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IEEFA Pakistan: Gwadar needs better electricity supply but coal-fired power is looking increasingly unviable

March 17, 2022
Simon Nicholas and Haneea Isaad

The city of Gwadar, Pakistan, remains unconnected to the national power grid, and its residents suffer regular power cuts, yet a planned coal-fired power plant is not the best answer to the city’s problems.

Following Prime Minister Khan’s recent trip to China, it has been reported that the 300 megawatts (MW) Gwadar coal-fired power project will continue with higher priority.

This is despite the Prime Minister’s announcement in December 2020 that Pakistan “will not have any more power based on coal.” President Xi also announced that China would no longer construct coal-fired power overseas in September 2021.

On the face of it, this power plant may seem the answer to Gwadar’s power problems.

A planned coal-fired power plant is not the answer to Gwadar’s problems

Gwadar lies along the southwestern coast of Balochistan, which is not connected to the national grid. It receives its electricity supply through Iran, but that too has been dwindling in recent years, as Iran experiences low hydel levels.

Meanwhile, discontent over extreme securitization of the port area and restriction of economic activities for locals due to the ongoing development under the China Pakistan Economic Corridor (CPEC) continues to grow among the locals. Just recently, month-long protests took place in Gwadar, where locals came out en masse to protest for their rights. Access to electricity was among the many demands placed before the government.

It is worth remembering that the Gwadar coal power plant hasn’t even reached financial close – it is many years away from producing electricity. The people of Gwadar need a much quicker solution.

In addition, the residents of Gwadar don’t just need a reliable power supply – they also need that power to be affordable.

While in China, the Prime Minister was reportedly to draw attention to “the exceptional rise in capacity payments because of the near simultaneous arrival of new capacity from projects undertaken under CPEC.”

Capacity payments – which have to be made to power plants whether they are generating electricity or not – have been growing alarmingly in recent years and are set to continue rising fast as under-construction power plants are completed. The payments are on course to reach $10 billion by 2023.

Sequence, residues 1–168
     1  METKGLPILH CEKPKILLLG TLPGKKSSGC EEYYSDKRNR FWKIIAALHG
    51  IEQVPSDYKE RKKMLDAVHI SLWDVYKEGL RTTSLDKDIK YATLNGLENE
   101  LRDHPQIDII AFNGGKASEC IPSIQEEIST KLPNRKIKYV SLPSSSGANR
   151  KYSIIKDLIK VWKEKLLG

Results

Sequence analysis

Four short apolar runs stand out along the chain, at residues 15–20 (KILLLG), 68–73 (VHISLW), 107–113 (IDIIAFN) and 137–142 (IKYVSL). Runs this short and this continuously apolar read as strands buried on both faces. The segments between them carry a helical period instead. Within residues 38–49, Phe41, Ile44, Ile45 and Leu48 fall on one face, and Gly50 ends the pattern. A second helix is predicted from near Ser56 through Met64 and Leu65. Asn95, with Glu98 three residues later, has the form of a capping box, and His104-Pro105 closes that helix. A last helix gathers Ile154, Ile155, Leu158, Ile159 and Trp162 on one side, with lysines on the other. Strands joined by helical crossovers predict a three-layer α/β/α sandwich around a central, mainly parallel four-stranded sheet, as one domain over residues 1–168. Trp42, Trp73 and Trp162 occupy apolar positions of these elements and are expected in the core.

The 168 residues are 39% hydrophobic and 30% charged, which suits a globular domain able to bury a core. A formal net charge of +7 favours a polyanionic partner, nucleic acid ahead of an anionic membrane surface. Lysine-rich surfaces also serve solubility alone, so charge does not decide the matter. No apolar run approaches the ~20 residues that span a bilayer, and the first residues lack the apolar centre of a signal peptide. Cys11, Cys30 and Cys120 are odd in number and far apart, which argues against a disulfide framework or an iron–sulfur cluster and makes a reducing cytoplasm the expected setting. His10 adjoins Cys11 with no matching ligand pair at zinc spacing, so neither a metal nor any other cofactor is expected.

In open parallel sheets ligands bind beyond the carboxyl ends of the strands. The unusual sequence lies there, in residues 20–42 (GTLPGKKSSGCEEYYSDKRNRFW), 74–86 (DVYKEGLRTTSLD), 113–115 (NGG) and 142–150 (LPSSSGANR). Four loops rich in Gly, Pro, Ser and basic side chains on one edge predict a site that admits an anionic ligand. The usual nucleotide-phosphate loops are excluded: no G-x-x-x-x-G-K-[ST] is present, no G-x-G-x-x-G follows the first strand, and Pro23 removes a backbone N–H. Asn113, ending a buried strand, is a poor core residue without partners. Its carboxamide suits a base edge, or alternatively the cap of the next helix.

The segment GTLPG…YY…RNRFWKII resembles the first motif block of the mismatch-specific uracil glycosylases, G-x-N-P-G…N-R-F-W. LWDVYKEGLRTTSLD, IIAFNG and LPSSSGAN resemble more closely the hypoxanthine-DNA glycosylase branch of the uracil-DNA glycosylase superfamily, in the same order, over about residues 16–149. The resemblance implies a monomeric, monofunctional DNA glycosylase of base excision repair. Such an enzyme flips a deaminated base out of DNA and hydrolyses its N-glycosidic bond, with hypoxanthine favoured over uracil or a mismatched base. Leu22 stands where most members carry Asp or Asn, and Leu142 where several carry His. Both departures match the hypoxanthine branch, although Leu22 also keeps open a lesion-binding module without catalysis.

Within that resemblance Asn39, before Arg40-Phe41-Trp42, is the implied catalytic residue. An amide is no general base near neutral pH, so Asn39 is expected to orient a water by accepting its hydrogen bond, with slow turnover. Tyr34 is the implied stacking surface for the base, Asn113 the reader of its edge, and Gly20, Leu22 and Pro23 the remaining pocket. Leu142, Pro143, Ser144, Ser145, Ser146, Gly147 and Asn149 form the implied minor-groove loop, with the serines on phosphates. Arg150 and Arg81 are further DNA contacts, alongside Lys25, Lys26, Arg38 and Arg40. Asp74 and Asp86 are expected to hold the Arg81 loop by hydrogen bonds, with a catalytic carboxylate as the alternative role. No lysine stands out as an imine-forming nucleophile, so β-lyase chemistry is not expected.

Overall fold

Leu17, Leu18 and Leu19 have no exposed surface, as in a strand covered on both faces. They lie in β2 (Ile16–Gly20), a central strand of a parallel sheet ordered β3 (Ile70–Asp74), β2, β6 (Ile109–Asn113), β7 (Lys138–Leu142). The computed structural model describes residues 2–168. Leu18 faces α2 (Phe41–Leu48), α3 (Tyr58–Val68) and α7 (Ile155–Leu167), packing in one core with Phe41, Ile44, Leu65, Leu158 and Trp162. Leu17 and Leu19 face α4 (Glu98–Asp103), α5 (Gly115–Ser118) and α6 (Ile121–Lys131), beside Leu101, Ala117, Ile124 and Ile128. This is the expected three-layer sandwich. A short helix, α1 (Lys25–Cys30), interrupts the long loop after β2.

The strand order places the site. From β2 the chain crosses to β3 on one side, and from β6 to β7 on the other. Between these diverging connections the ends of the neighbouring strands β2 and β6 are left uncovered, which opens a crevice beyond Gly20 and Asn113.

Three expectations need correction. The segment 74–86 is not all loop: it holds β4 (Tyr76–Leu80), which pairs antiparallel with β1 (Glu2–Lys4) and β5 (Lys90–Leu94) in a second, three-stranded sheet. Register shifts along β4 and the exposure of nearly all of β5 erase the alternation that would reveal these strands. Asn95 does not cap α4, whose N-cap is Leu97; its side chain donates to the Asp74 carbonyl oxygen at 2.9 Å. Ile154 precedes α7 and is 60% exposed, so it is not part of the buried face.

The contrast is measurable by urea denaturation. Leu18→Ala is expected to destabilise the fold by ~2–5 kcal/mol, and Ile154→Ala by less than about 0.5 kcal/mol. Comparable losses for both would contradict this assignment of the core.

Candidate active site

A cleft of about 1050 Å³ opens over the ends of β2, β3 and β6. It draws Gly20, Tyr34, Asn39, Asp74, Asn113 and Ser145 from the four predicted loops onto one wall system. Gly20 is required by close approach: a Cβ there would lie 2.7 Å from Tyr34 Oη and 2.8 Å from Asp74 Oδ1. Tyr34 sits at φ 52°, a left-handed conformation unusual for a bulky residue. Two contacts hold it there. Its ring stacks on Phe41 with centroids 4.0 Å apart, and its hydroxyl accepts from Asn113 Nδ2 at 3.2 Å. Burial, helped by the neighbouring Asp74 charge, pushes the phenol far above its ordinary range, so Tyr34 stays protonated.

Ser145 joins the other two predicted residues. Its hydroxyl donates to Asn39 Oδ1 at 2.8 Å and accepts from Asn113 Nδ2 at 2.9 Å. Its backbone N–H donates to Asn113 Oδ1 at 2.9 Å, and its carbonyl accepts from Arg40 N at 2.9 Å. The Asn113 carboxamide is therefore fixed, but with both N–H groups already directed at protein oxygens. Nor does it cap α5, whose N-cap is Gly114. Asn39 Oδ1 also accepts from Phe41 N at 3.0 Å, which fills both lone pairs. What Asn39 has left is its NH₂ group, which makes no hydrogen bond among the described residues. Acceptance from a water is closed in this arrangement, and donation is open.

These payments raise the per unit cost of power generation, which in turn worsens the circular debt crisis, and has led to the IMF insisting on large consumer power tariffs to try and address the problem.

The invasion of Ukraine has led to fossil fuel price and supply issues around the world

Furthermore, the Gwadar coal plant will be fuelled by imported coal, further exposing Pakistan to volatile fossil fuel prices, especially in the wake of recent global geopolitical tensions amidst the Russia-Ukraine war.

The risk of relying on imported coal is now proving to be very real. Prices were already very high even before the Russian invasion of Ukraine, but they have now spiked significantly as buyers seek alternatives to imports from Russia.

Most coal imports into Pakistan come from South Africa, where prices suddenly more than tripled to almost US$400/tonne in early March.

Coal power development in Gwadar would be susceptible to price volatility linked with imported fossil fuels, and require significant investment in grid connectivity. A 700km transmission line has been planned from Gwadar to the city of Karachi, but that will take at least 3-4 years to build.

Better Alternative for Gwadar

The invasion of Ukraine has led to fossil fuel price and supply issues around the world, demonstrating the vulnerability of power systems dependent on such imports.

It is already looking like one direct consequence of the invasion will be the acceleration of the global transition towards renewable energy, as countries prioritise energy security – nobody can cut off a nation’s supply of sun and wind.

The geographical location of the Gwadar port puts it in an ideal zone for solar and wind power development, as the region enjoys high solar irradiation and wind speeds up to 6 m/s. Additionally, solar and wind power plants are cheaper, quicker to build out, and capable of supplying power to remote areas disconnected from the grid.

Floating solar could be another option worth exploring. China recently deployed the world’s largest floating solar plant in Shandong. Surely, the investment bookmarked for the Gwadar Coal Power plant could be repurposed towards greener technology.

Renewable energy hints at a better solution to Gwadar’s power woes. Any new solution to the city’s electricity supply issues should focus on 21st century technology, not the coal technology of the previous century.

This commentary was first featured in The News.

Simon Nicholas and Haneea Isaad are Energy Finance Analysts at IEEFA.

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Simon Nicholas

Simon Nicholas is IEEFA’s Lead Energy Finance Analyst for Bangladesh, Pakistan and the global steel sector as well as Asian seaborne thermal and coking coal markets.

Simon’s focus is on the energy transition, the long-term outlooks for coal and steel as well as the need for emerging nations to establish financially sustainable power systems to support their development.

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Haneea Isaad

Haneea Isaad is an energy finance analyst at IEEFA. Based in Pakistan, she covers Asian energy markets with a focus on Southeast Asia and Pakistan.

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